It’s that type of confrontation Denechia Powell tries to avoid by making sure to write that she’s a black queer woman in her cover letters.

“I want to say it in the cover letter because that’s who I am,” she says. “I don’t want to erase my identities.” She knows such bravery might be costing her the jobs she knows she’s qualified for but never gets a call back—“Maybe it’s turning them off?”—but at least it weeds out bigoted employers.

Originally from Brunswick, Georgia, the 28-year-old graduated into a recession and couldn’t land a job anywhere. “The only places I got into the door, the people looked more like me,” Powell says. Without the prospect of well-paid jobs, she signed up for AmeriCorps and was paid a pittance.

After seven years of doing social justice work, focusing on HIV and AIDS “because it impacted my community, as a black queer woman from the South,” Powell says she’s “disillusioned by the nonprofit industrial complex” where marginalized people remain at the bottom of organizational charts. “I’m serving people who look like me,” she says. “But the leadership doesn’t look like me.”

Powell toilet-papers WA state senator Pam Roach's office door during a direct action in February, against anti-transgender bathroom discrimination bills she sponsored.

Powell toilet-papers WA state senator Pam Roach's office door during a direct action in February, against anti-transgender bathroom discrimination bills she sponsored.

Microaggressions from colleagues and superiors about race, gender and sexuality are a common experience for young queer people. At one point, a school disciplinarian advised Huey Amaru to “put more bass” in his voice when talking to students if he wanted them to respect him.

Raised on the south side of Chicago, the 24-year-old describes his gender as “unique.” He grew up on welfare and free school lunches, and started working when he was 15 because his housing situation had never been stable.

“Being black and queer, I’m excluded from respectability,” Amaru says of some of his former work environments. “It’s rooted in something false and dangerous about what it means to be valuable.” The person who’s considered “professional and respectable,” he says, is a white, straight man.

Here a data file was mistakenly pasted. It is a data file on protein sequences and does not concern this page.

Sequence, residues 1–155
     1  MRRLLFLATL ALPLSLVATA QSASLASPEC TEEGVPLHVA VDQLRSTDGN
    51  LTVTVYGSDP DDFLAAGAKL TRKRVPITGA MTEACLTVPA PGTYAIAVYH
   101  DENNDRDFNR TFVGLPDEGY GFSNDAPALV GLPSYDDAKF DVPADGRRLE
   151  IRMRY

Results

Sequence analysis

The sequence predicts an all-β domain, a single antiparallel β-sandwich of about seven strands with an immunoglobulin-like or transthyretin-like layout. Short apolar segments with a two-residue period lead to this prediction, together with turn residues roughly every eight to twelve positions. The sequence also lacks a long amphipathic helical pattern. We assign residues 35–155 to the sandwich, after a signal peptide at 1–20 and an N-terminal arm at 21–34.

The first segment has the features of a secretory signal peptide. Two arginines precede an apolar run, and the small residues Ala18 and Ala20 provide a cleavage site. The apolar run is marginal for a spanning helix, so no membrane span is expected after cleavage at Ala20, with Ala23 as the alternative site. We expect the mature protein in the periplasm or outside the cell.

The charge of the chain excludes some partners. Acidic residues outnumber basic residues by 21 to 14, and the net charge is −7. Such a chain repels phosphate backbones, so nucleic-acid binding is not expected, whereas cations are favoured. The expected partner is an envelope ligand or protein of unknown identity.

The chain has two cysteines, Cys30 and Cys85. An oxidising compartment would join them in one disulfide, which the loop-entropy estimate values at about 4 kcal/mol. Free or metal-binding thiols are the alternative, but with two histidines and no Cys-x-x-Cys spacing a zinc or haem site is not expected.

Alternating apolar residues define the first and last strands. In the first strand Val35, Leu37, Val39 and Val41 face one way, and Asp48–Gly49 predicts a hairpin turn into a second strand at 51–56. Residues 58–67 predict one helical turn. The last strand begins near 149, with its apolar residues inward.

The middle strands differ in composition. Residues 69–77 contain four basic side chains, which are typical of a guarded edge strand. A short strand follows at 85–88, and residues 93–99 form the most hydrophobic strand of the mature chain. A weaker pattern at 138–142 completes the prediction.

Amaru realized he was attracted to guys when he was 13 but says “it took me a while to understand myself and accept it.” It helped to read Audre Lorde’s “Outsider,” which gave him the confidence to be himself. His politicization, like many LGBT youth, was an almost inevitable response to living an openly queer life.

His family still seems ashamed of him, he thinks, recalling New Year’s Day when he was “too gay” while dancing to Beyonce’s Single Ladies. “My mom never saw me queen out before,” he remembers. “[She] thought I was influenced by the white kids.” His mom was embarrassed and told the DJ to stop the music.


It’s hard enough to escape poverty if you’re straight; 70% of people born into the bottom quintile of income distribution never make it to the middle class. But being queer in America presents an extra roadblock to upward mobility. According to a report by the National Center for Transgender Equality, transgender and genderqueer Americans are still four times more likely to live in extreme poverty compared to the general population.

“My family lives below the poverty line,” says Cleo Anderson. “I still live below the poverty line. My friends who are white, daddy is bankrolling.”

Anderson grew up working class and has lived in the same apartment with her mother, a pre-school teacher, for 23 years. She describes herself as a hard femme, born and raised in Los Angeles. The 26-year-old started working when she was 14.

Five years ago, her mother asked Anderson not to tell the rest of the family she was queer, even though Anderson was rather certain everyone could already tell. Subtly has never been her strong suit, and besides, she says, it’s hard work trying to pass. And it’s ultimately not worth the effort.

“For her it’s an image thing,” Anderson says of her mother. “I teach theater and I’m a lifeguard. I’m nowhere near what she wanted.”


Cleo Anderson

Anderson grew up hanging out with runaways and queers, clubbing with gay boys. Although she was bullied because she looked like a boy, Anderson didn’t realize how “different” she was until she went to college. “I was a well-informed, very queer black girl in a Catholic college,” she remembers. “No one talked to me for two months.”

College was supposed to be the way to a better life, but it didn’t exactly work out that way. Four later, she’s still struggling to scrape together rent. “I’m resolved to be poor for the rest of my life,” she says.

Many millennials feel similarly, saddled with student loans and college degrees that didn’t quite help land them the promised jobs. But it’s far more likely to be a reality for queer youth, especially those of color, who are still being told by their bosses and colleagues and families that their queerness is the problem.

Amaru, who describes himself as “still poor with a college degree,” says he endured criticism from his family. In college, he got his septum pierced, his hand tattooed and started wearing skinny jeans. “[My grandma] told me I have to dress better if I want to find a man of a higher class,” Amaru says. “I want to find someone who accepts me.”

Acceptance: such a fundamental desire, and yet it doesn’t pay the bills. Being able to make a good living shouldn’t require hiding who you are. In Denechia Powell’s ideal world, she can have both. She isn’t interested in erasing her identity to land a better-paying job.

“I don’t want to put on a façade,” she says. “I’m feeling unapologetic these days.”

Lead image: Huey Amaru at a rally against police brutality in 2014 outside of Chicago Police Headquarters.